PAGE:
By Troy Bedinghaus, OD
HERE ARE THE TOP TEN REASONS YOU MAY BE EXPERIENCING REDNESS IN ONE OR BOTH EYES:
The term “red eye” is used to describe red, bloodshot eyes. If you’ve ever had bloodshot eyes, you may have wondered what you did to cause your eyes to become so irritated. Many people suffer from red eye every once and awhile, but a red eye is not normal and can be caused by a number of things. If you have a red eye, it is important to find out why. A red eye can be a sign of a medical emergency. A red eye is usually painless and develops when blood vessels near the surface of the eye become enlarged and dilated. Some culprits of red eye can cause your eyes to feel inflamed and irritated, so you may find yourself seeking relief from your eye doctor. While it is always best to seek the advice of your eye doctor, you may want to try a few red eye home remedies first, at least to get a little relief.
1. Pink Eye: Some cases of red eye are caused by pink eye. Pinkeye, or conjunctivitis, is an inflammation or infection of the clear, protective layer that coats the front part of the eye. Pink eye can be caused by allergies, bacteria, viruses, or toxic substances. Pinkeye is very common but is usually not serious.
2. Blepharitis: Blepharitis causes inflammation of the eyelid and eyelashes and may be caused by poor eyelid hygiene. Oily eyelid glands, allergic reactions, bacterial infections, or lice on the eyelashes are also common causes of blepharitis. If you have blepharitis, you may notice a gritty or burning sensation in your eyes, excessive tearing, itching, red and swollen eyelids, dry eyes, or crusting of your eyelids. The condition is not contagious and usually does not cause permanent damage to your eyesight.
3. Uveitis: Uveitis, an inflammation of the eye’s uvea, can cause redness, pain, blurry vision, floaters and light sensitivity. Symptoms of this condition can occur suddenly and get worse very quickly. Uveitis should be treated quickly because other complications, such as uveitic glaucoma or retinal and choroidal scarring, may occur if it lingers.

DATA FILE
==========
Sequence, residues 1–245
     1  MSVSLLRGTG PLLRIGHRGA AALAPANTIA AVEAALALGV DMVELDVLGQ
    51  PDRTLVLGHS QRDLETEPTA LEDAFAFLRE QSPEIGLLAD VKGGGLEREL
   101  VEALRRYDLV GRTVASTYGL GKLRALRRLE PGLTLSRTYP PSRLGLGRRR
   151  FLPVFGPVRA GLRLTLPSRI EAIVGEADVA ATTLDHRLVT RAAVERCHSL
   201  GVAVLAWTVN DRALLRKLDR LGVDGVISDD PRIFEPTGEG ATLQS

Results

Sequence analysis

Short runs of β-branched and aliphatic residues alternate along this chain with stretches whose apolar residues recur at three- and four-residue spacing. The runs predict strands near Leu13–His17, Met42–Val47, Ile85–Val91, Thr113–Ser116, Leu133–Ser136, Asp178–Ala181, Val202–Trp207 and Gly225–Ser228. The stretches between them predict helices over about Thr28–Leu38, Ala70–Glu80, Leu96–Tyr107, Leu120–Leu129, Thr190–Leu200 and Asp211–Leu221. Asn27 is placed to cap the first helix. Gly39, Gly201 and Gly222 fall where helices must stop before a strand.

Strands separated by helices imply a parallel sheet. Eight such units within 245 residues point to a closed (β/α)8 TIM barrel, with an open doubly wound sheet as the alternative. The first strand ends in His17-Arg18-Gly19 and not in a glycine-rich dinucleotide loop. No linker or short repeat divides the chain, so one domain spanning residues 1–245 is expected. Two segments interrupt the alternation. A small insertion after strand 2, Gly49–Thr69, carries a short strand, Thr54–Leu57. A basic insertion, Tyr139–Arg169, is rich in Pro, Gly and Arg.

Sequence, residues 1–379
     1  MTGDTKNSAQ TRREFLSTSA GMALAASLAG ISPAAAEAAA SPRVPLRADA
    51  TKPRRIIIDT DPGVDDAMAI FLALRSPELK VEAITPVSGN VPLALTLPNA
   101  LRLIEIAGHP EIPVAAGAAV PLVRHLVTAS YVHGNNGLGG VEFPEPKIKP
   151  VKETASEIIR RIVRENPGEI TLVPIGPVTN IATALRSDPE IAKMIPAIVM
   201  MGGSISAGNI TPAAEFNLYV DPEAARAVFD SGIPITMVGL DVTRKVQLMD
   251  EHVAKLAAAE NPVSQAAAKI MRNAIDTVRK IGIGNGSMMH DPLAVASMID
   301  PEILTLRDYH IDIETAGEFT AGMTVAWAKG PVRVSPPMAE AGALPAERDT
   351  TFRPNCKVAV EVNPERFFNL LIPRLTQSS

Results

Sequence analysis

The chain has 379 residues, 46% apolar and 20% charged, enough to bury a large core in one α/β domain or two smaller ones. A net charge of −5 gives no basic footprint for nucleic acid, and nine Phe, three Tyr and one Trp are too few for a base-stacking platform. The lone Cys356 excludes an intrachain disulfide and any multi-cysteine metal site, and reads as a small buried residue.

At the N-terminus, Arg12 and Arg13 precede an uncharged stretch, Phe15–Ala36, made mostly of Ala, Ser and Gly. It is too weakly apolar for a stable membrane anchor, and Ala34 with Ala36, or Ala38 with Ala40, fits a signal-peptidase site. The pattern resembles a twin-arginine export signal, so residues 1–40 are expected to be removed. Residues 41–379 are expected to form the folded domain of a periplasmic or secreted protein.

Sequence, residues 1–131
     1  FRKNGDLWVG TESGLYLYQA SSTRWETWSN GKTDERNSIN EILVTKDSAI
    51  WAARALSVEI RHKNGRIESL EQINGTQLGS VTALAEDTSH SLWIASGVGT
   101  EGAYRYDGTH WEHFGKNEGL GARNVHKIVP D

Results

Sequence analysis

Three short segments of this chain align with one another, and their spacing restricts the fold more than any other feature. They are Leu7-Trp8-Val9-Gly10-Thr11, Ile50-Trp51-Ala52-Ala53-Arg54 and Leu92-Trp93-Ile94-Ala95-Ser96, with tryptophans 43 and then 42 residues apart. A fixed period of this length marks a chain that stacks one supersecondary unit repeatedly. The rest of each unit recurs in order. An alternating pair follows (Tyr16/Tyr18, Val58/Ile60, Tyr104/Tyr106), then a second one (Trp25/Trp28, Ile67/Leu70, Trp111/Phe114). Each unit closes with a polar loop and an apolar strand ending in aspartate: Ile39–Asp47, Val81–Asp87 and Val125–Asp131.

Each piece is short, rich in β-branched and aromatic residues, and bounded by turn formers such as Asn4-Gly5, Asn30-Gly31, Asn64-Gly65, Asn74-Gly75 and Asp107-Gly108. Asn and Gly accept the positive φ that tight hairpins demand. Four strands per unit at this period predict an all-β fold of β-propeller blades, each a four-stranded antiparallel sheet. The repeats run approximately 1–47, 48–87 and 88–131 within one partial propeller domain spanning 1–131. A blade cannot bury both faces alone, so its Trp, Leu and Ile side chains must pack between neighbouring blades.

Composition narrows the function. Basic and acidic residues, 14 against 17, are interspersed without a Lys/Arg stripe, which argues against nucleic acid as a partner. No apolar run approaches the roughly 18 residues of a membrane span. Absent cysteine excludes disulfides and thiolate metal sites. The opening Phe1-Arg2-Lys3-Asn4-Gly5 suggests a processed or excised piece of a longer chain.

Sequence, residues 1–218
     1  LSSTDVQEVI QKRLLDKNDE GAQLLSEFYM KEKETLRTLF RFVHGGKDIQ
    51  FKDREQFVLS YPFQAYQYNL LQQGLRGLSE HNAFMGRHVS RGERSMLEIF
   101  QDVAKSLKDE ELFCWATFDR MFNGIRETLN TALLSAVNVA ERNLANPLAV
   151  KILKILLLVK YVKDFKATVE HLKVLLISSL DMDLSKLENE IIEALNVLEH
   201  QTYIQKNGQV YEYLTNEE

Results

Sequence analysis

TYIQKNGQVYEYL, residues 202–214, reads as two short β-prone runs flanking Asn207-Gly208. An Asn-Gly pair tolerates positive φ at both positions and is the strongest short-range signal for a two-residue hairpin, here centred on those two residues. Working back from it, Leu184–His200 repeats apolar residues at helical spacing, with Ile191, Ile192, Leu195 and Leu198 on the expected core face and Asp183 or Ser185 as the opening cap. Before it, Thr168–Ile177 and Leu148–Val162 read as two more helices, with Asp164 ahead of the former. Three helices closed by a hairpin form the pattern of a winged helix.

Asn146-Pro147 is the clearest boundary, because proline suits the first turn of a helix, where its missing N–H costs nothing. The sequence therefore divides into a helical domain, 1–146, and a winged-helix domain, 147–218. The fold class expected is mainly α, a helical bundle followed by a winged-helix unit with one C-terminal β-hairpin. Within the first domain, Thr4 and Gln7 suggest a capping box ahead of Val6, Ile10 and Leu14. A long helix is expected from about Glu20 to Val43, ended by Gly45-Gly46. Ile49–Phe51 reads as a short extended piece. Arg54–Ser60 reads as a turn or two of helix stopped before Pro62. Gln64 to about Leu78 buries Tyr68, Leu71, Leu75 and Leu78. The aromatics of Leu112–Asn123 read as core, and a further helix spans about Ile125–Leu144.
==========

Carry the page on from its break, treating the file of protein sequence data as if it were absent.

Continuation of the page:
4. Dry Eye: Do your eyes feel dry? Tears protect our eyes by lubricating, nourishing and protecting the surface of the eye. When tears are lacking, our eyes can become dry and irritated. Chronic dryness can cause the surface of the eyes to become inflamed and blood vessels to dilate, causing increased redness. Ironically, dry eye can actually cause your eyes to produce abundant tears, as your eyes often respond to discomfort by producing more tears.
5. Frequent Use of Eye Drops: Do you reach for eye drops when you wake up to red eyes? Surprisingly, frequent use of “get the red out” eye drops can actually make the eyes appear even redder. These whitening eye drops cause blood vessels in the eye to dilate, causing the eyes to appear even more bloodshot. Before instilling eye drops of any kind, it’s a good idea to first consult with your eye doctor to identify the cause of your red eyes.
6. Contact Lens Wear: Wearing contact lenses can sometimes cause eye redness. In some people, simply having a contact lens in the eye is enough to make the eye red. If you experience discomfort while wearing contact lenses, you may want to try re-wetting drops. These eye drops are formulated for contact lenses and can provide relief for dry eyes and discomfort associated with contact lens wear.
7. Injury: Redness sometimes occurs with an eye injury. Injuring your eye could be as simple as sticking yourself with a mascara wand or accidentally wiping your eye with a sharp fingernail. When you injure your eye, blood vessels inside the eye enlarge and dilate to bring blood and cells to heal and repair the injury. A red eye resting from an injury is also a warning sign to let you know that something is wrong with your eye.
8. Corneal Ulcer or Infection: If the eye’s cornea becomes infected, nearby blood vessels become enlarged and swollen, as cells rush in to help fight the infection. These cells can cause visible redness. This occurs because the cornea is avascular, meaning normally, the cornea does not have any blood vessels in it. It gets most of its oxygen and nutrients from the tears and outside atmosphere. With a corneal infection, the nearby blood vessels enlarge to get important inflammatory cells to the site quickly.
9. Subconjunctival Hemorrhage: Red eye is sometimes caused by a blood vessel inside the eye. A burst blood vessel often causes subconjunctival hemorrhage. When broken, these vessels bleed and spread out underneath the conjunctiva. Subconjunctival hemorrhage can be caused by sneezing, coughing, straining, vomiting, trauma, high blood pressure, diabetes and sometimes from certain blood disorders.
10. Acute Angle-Closure Glaucoma: Sometimes a red eye can signal a serious condition. One very serious eye condition that may cause red eye is acute angle-closure glaucoma. Acute angle-closure glaucoma is a serious medical emergency that must be treated immediately. It occurs when the fluid pressure inside the eye rises quickly. This serious type of glaucoma usually causes sudden redness in the eye, severe eye pain, and blurred vision (usually occurring in only one eye.)
Source: Wu, Brian. “Red eyes: List of common causes.